[…] the smoke from your black cigarette
braided itself with lines from Keats. Teaching
is endless love; the poems by heart, spells, the lists
lovely on the learning tongue, the lessons, just as you said
for life […]
The speaker has a very personal view of this situation. Her opinion about the teacher’s death and how it should (but doesn’t) influence the world is entirely subjective.
Discover more Carol Ann Duffy poems.
One of the most common ways that subjective points of view are used in literature is in fiction writing, in which a writer crafts a first-person narrator. This narrator will tell the story as they experienced it. This means their personal experience is going to influence what they’ve seen and felt. They won’t have access to anyone else’s thoughts, opinions, or ideas. This is also known as limited narration. Unreliable narrators, such as Holden Caulfield in The Catcher in the Rye by J.D. Salinger, are examples. His opinion of the world influences what the reader hears about characters and events.
Why Do Writers Use Subjective Writing?
There are examples of subjective writing in all genres of literature. It’s used to convey personal experiences, ideas, beliefs, and opinions about the world. Someone might choose to write a memoir of a specific experience in their life, which is unavoidably subjective. The same can be said for opinion pieces in newspapers, most examples of poetry, some narrative perspectives in fiction (and even non-fiction). Some writers use subjective writing in the guise of objective writing. This is one of the only times that this kind of writing can be damaging. That is when someone reads something subjective and takes it as fact.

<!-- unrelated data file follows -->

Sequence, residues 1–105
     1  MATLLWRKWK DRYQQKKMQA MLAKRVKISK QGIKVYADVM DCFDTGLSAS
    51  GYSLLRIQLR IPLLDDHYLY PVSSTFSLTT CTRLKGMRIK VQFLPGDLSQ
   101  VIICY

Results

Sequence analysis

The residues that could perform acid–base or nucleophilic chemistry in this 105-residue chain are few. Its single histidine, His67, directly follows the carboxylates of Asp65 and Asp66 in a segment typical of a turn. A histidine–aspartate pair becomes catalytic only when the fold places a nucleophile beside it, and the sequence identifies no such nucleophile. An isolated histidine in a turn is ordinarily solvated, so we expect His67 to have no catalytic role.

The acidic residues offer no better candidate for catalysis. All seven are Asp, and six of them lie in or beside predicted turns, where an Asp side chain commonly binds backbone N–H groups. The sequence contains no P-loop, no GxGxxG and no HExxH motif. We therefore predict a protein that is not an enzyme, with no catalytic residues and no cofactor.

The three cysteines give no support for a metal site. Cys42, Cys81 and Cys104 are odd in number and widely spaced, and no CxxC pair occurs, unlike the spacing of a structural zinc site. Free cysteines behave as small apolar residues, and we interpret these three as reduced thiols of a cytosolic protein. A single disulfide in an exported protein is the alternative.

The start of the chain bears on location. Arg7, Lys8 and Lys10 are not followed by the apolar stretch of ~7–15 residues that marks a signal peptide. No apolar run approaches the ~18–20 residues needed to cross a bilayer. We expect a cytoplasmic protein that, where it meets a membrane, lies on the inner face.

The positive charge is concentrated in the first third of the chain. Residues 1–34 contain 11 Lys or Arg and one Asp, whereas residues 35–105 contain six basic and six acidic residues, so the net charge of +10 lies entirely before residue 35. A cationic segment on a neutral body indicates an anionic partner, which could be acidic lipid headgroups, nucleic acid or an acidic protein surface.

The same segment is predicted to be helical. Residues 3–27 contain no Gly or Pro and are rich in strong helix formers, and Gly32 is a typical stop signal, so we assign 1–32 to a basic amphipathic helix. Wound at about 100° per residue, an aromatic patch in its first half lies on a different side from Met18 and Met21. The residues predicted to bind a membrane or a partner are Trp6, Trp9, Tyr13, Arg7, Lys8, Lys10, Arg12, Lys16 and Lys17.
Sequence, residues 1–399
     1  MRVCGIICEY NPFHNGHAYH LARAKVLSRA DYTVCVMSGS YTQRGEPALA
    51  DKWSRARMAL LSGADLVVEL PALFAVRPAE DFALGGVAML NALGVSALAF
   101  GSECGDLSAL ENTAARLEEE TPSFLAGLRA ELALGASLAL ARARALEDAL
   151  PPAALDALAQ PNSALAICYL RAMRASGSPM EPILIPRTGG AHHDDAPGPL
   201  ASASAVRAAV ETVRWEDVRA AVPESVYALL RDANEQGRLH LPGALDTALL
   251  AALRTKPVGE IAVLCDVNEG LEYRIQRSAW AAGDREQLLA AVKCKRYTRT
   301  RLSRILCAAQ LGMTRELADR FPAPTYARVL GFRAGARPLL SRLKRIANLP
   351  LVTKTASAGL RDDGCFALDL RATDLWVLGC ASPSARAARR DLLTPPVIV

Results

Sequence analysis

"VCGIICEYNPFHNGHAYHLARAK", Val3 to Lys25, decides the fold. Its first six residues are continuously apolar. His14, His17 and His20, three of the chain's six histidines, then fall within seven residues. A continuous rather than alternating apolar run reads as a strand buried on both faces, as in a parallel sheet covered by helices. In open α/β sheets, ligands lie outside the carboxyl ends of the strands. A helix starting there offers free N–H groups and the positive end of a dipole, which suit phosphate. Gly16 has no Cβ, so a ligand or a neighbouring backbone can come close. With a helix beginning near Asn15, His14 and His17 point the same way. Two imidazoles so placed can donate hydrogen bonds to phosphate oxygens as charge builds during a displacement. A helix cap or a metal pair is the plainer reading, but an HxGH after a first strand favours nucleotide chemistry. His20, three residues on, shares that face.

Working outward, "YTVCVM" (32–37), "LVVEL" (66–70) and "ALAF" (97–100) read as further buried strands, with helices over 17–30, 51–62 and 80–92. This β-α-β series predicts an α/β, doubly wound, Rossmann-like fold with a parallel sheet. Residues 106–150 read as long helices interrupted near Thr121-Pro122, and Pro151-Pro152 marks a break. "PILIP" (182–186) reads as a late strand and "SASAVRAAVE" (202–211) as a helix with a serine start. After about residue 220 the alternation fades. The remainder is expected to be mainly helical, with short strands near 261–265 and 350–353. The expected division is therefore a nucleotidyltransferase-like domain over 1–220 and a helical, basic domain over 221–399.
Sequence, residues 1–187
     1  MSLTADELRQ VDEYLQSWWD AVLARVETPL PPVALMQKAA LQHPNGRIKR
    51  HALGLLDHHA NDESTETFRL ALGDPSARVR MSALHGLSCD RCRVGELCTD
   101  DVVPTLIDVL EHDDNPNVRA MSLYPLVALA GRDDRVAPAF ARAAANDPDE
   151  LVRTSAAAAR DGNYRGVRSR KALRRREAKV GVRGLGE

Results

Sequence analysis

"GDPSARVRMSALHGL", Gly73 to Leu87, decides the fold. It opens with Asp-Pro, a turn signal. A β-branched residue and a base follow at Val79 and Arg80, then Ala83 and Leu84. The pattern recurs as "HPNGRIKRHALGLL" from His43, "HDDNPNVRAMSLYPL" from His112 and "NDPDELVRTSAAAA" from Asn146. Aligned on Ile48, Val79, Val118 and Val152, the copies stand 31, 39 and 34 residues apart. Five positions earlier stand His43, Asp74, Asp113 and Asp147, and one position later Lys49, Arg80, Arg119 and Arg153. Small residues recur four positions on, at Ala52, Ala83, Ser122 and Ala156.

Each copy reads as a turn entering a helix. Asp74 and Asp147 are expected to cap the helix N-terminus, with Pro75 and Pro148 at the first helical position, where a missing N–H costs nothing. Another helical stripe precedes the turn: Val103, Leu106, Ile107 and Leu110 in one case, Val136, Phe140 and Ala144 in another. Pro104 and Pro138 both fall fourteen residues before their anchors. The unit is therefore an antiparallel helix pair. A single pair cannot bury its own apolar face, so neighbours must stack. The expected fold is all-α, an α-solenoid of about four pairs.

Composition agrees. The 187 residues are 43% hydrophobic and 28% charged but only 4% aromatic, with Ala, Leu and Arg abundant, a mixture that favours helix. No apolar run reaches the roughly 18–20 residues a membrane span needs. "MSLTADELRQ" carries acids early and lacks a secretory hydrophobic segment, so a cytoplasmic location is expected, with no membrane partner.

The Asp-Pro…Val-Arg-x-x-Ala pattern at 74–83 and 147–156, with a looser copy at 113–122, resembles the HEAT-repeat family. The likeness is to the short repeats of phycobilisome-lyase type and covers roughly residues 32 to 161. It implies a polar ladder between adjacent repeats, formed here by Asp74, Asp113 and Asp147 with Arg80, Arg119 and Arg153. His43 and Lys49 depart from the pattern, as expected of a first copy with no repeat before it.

Subjective writing is based on the author’s personal feelings, experiences, beliefs, morals, etc.
If someone is subjective they’re basing their opinions on their feelings rather than facts.
‘She Walks in Beauty’ by Lord Byron is an example of subjective writing. It conveys the speaker’s opinion of a woman he sees as particularly beautiful and moving
Objective writing is based only on facts, while subjective writing is based on the author’s feelings. They might deliver facts tinged by their personal experience and opinion.
The best way to avoid subjective writing is to ensure that only facts are present in one’s writing. There shouldn’t be any assumptions, opinions, or personal beliefs.
Related Literary Terms
- Ad Hominem: uses irrelevant information in an attempt to discredit someone’s opinion or argument.
- Hypothetical Question: a question based on an opinion or personal belief rather than facts.
- Propaganda: a type of information spread to influence opinion. It can be negative or positive, depending on the source.
- Conflict: a plot device used by writers when two opposing sides come up against each other.
- Connotation: the feeling a writer creates through their word choice. It’s the idea a specific word or set of words evokes.
- Context: the setting in which a story, poem, novel, play, or other literary work is situated.
- Listen: Objective vs. Subjective
- Watch: Philosophical Distinction Between Objective and Subjective
- Watch: Objective Writing